Review: Kansas City Star

Hole performs glitzy, old-fashioned rock ‘n’ roll
May 1999, by Derek Donovan

Courtney Love is a big star – a very big star – and don’t you forget it.

Love, the bigger-than-life lead singer of the band Hole, is perhaps the only real rock star to have emerged from the mid-’90s grunge scene. Unlike her rapidly disappearing contemporaries in that genre, Love embraces and revels in her own fame.

Several times in her band’s hourlong concert Wednesday night at Memorial Hall, she reminded the audience that she was asked to be the female star of the smash film “The Matrix” but that she passed on it because she did not consider the role worthy of her time.

Love seemed bewildered at the sparse crowd before her at Memorial Hall, mentioning (again, several times) that all of her other shows in the tour have been sold out. She reached the conclusion that Kansas audiences must find her too scary.

“What kind of music do you guys like? Hootie?” she asked.

Professional disappointments aside, Love unabashedly set out to put on a real, old-fashioned rock ‘n’ roll show. Painted backdrops, whiz-bang lighting effects and even confetti cannons punctuated the band’s set.

Love has created a stage persona as a strange hybrid of Stevie Nicks and Marilyn Manson: part mystical waif, part acid-tongued (and extremely self-conscious) bad girl. While watching the new, glitzy Hole perform, the mangy Seattle scene of Nirvana and Pearl Jam seemed like nothing but a distant memory.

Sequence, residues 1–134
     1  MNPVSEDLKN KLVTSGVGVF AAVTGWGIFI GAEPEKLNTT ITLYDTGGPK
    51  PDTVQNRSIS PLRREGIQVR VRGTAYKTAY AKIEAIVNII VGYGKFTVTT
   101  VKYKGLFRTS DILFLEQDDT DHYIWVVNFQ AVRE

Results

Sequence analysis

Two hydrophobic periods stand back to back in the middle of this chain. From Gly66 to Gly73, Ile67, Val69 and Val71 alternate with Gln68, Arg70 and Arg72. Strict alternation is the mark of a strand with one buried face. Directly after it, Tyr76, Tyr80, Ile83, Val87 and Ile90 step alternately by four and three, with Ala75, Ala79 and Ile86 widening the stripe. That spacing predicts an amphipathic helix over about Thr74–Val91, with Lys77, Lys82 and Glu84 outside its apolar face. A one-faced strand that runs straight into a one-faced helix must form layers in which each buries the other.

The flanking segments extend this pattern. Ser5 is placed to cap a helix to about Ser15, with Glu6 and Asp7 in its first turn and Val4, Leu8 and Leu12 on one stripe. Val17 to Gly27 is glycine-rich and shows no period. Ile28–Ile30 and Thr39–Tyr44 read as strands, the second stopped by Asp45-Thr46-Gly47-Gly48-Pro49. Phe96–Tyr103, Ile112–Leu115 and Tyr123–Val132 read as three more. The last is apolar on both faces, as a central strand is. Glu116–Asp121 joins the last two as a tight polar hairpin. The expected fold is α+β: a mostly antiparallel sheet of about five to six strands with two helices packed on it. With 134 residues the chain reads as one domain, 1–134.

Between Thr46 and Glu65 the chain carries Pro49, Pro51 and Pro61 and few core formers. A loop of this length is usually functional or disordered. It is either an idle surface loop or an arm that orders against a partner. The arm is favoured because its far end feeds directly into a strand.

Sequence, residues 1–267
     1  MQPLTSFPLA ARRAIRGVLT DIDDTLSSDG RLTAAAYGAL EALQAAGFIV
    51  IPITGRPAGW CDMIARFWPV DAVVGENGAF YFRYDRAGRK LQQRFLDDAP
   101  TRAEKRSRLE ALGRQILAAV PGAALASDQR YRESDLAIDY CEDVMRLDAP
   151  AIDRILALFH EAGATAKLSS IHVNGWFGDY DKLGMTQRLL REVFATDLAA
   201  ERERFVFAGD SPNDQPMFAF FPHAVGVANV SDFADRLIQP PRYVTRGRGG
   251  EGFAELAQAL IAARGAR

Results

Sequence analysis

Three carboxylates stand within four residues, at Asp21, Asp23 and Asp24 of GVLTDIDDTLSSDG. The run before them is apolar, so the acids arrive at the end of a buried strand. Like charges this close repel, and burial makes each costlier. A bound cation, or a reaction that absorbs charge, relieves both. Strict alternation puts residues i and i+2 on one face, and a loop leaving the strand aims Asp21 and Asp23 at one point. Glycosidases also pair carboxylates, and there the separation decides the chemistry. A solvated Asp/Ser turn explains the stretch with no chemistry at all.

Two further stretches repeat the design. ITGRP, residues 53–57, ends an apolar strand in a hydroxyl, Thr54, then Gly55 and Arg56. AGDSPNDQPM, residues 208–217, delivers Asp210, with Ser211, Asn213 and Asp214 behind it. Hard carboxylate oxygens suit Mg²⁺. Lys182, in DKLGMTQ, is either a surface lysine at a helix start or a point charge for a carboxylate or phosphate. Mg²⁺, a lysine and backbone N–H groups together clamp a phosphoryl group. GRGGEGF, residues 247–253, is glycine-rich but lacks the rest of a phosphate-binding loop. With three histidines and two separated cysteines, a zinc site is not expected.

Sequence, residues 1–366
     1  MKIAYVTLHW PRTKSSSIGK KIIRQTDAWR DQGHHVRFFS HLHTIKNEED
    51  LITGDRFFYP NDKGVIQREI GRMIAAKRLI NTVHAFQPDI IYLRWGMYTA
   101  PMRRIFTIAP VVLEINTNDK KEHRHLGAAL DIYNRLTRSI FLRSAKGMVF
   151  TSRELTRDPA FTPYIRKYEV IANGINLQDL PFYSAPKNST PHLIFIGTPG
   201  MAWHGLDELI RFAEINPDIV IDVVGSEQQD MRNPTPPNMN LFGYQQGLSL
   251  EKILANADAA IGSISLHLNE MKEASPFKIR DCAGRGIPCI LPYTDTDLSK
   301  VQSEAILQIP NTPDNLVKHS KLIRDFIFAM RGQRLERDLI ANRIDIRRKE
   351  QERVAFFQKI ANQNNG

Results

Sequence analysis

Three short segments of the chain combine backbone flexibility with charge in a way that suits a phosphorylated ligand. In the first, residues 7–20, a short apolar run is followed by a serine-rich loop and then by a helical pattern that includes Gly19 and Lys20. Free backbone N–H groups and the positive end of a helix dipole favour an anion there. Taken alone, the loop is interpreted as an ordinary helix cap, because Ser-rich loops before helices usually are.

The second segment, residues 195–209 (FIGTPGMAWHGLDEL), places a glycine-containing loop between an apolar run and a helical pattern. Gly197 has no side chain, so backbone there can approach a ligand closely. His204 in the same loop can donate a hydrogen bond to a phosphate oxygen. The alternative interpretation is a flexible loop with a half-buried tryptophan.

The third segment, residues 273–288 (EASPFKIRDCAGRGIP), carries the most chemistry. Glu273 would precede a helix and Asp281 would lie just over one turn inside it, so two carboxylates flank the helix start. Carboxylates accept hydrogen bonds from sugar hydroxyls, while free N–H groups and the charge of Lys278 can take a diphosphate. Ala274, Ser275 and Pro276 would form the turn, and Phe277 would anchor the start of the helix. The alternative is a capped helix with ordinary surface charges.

Hole’s sound in recordings has progressed dramatically from the raw, punkish rock of its debut album. The current album, “Celebrity Skin,” adopts a radio-friendly, California-pop sheen, but those same songs took on a rough immediacy in concert, hearkening back to the band’s roots. Even the bland single “Malibu” became an intense rocker live.

Hole’s sound was bright, right and polished, quite unlike the garbled mess of most grunge shows past. Standout numbers included “Violet,” “Celebrity Skin,” and “Reasons to be Beautiful,” perhaps the band’s most mature and thrilling song to date.

Drummer Samantha Maloney (replacing longtime Hole member Patty Schemel) was the most energetic and entertaining presence on stage, easily outshining catatonic guitarist Eric Erlandson, and many times even upstaging Love for visual interest.

Opening act Imperial Teen gave a passable performance of its soft-pop songs, but its slacker attitude and look seem a bit out of touch in 1999.